Excellent Delegators– There is an impression in the organization that Samar doesn’t work and is getting a salary for not doing anything, but that is not the case. Samar is an effective delegator. He delegates the work among his team members. He does what he is supposed to do, coach his team members to improve their efficiency, does resource planning, resolves conflicts, and engages stakeholders and customers. Because it is their objective to add value to the overall operation of business, the ability to delegate is one of the most important qualities of a good manager. Their goal is to have a global vision and contribute to the business operation in a more inclusive manner. That being said, the good manager should be able to delegate the day-to-day tasks of the business effectively; especially those that are more bureaucratic in nature, or are less analytical and complex. Being able to delegate does not only make a more efficient and effective manager, but it can also create a more productive team. Giving your team members additional responsibilities and accountability make them feel more motivated and empowered. Good Managers hold regular one-on-one meetings with their direct reports and reinforce the outcomes they and the team are responsible for. They are vested in driving solution-based cultures and strive to build an environment of continued learning (versus finger pointing).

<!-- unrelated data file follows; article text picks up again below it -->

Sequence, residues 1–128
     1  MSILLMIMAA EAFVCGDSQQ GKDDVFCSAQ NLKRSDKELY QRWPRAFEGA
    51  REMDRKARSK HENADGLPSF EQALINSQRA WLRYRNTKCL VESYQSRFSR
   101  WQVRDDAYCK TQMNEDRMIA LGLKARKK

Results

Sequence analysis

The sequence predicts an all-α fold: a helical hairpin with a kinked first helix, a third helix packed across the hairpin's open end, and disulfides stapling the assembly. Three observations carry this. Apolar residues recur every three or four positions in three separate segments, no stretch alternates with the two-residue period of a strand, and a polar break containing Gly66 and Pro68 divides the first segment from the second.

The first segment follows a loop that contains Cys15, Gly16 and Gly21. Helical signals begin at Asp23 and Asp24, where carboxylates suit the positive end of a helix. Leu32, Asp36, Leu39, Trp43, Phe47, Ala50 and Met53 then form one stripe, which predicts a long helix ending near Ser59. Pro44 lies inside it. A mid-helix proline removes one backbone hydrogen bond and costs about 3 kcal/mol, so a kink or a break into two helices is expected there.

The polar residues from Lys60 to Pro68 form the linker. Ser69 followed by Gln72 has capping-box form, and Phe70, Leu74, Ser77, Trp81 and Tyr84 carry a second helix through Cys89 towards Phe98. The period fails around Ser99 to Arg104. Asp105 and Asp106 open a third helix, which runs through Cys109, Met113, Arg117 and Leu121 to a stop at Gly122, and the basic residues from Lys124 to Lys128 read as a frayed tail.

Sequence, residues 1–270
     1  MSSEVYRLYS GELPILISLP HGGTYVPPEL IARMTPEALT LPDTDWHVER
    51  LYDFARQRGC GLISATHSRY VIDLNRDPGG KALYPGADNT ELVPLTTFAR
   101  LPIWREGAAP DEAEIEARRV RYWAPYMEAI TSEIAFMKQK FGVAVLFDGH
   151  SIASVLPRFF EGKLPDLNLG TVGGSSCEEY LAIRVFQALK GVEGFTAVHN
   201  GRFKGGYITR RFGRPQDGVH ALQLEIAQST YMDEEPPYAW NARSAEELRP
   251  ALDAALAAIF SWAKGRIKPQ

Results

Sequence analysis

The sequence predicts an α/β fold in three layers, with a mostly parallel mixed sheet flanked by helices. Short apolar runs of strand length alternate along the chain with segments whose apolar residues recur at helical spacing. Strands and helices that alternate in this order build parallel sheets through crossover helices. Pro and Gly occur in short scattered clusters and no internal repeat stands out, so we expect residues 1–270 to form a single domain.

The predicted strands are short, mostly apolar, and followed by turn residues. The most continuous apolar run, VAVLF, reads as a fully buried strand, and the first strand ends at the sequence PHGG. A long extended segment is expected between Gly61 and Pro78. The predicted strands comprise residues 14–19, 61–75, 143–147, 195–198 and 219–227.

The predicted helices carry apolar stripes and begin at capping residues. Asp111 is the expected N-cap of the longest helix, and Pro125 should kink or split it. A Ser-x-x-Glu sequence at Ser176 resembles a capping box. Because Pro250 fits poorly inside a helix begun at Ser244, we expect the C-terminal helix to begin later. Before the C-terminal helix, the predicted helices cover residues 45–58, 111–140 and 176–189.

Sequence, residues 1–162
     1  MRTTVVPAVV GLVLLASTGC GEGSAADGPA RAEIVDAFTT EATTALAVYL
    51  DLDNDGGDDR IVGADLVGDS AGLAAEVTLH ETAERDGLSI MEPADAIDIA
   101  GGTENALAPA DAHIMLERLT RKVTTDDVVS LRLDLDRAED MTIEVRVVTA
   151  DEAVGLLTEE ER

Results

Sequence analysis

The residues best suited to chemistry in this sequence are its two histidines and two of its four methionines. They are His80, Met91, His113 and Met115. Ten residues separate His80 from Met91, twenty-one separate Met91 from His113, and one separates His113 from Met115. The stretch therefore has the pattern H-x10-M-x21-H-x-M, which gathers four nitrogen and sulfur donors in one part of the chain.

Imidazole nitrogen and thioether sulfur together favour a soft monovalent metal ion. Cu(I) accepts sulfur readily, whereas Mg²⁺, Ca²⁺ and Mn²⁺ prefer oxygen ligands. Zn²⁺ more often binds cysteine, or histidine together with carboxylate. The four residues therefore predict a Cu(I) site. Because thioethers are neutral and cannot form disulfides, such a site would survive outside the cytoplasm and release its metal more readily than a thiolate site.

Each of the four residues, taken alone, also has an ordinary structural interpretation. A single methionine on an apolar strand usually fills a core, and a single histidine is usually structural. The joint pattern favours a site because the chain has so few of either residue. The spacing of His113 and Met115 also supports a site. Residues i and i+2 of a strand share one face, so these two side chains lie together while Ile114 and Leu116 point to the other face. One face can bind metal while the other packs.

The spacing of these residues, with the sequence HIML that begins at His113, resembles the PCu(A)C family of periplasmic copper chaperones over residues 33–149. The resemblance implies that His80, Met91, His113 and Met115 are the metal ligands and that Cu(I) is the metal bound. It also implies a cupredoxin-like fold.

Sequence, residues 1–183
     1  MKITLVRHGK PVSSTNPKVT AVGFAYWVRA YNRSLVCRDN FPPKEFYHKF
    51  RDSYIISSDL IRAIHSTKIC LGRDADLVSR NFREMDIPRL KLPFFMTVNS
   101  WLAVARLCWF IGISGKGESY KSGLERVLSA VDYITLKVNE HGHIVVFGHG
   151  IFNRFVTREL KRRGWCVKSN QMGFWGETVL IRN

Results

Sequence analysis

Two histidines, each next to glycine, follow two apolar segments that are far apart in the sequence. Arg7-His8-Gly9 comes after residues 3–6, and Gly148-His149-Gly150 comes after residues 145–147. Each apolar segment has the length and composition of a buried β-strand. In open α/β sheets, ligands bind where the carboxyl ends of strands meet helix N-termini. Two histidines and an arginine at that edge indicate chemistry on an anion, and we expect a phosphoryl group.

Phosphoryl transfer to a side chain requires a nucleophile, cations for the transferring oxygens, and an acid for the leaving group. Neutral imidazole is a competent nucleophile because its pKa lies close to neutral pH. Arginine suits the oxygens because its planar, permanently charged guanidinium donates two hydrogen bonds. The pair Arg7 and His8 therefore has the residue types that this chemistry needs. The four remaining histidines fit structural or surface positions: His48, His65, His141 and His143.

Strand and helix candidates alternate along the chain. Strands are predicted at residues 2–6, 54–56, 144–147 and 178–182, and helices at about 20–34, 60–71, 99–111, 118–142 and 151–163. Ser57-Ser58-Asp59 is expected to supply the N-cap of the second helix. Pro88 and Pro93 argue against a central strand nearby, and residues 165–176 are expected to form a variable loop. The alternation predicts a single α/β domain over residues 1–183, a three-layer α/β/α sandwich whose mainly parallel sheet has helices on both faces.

Remarkable Planners–Parul is one of the finest planners in the organization. She plans to the minute possible details. She analyses probable risk factors. She defines all milestones, very clearly and accurately. If a project needs to be completed in 100 days, she takes 25 days for planning and then hands it over to her team for execution. She never lagged in the delivery of her projects. All her projects get completed within 80% of allocated time. Good managers, like Parul, are organized. They know what needs to be done. They know and understand the goals of the business and what supervision employees need, to achieve that goal. If you give them a task, they can plan the steps involved in reaching this target and communicate the steps to the employees who need to carry those steps out. Exactly what needs to be prepared varies depending on the type of business. Typically, good managers should be able to plan out schedules, inventory, and departmental budgets.